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JaMoPP
Bridging the gap between models and source code.

Tailored Visualisation with GMF

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Description

Visual representations raise the level of abstraction and help the comprehension of software systems. Thus, especially for modelling languages graphical syntaxes enjoy a high reputation. To ease the time consuming and cumbersome task of building visualisations or even graphical editors, several model-based visualisation frameworks emerged (e.g., Tiger Project, GMF). With JaMoPP providing a model-based representation of Java these technologies can now be applied to build tailored visualisations for Java programs.

Using GMF, we generated the editable diagrammatic representation for Java packages depicted in Figure 1. It provides a comprehensive overview of a package's structure and its type interrelations and could help the exploration of big Java libraries and frameworks. As a simple example we visualised the code generated by an ATL transformation.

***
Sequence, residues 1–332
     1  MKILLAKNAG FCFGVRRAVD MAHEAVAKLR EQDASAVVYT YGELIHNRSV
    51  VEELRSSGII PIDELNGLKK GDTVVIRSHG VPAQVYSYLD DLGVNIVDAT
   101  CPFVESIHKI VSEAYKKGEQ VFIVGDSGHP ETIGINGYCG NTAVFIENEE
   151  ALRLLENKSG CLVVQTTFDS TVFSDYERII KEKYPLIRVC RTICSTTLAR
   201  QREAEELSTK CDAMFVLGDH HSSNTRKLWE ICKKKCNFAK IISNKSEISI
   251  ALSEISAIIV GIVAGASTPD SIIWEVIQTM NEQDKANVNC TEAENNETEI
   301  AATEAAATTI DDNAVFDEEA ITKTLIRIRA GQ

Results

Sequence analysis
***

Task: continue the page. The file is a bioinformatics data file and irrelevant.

Figure 1. Visualisation of the package structure generated for the contact management application

GMF provides a model-driven approach for generating editors for EMF-based languages. Graphical primitives like nodes and arrows are used to visualise model instances. These primitives are related to and customised with regard to classes, class properties, and references of our Java metamodel. This adaptable mapping provides flexibility in to ways: First, visualisations can be tailored to the requirements of a specific engineering task. Second, an existing visualisation can easily be extended to other languages by adjusting the visual mappings.

The capabilities of the editors generated with GMF go beyond just visualising models graphically. They also allow for editing models using their graphical representation. Since the JaMoPP printer serializes Java models to source files, these changes are transparently mapped to the underlying source code. Thus, JaMoPP contributes to the development of visual tools for software development with Java.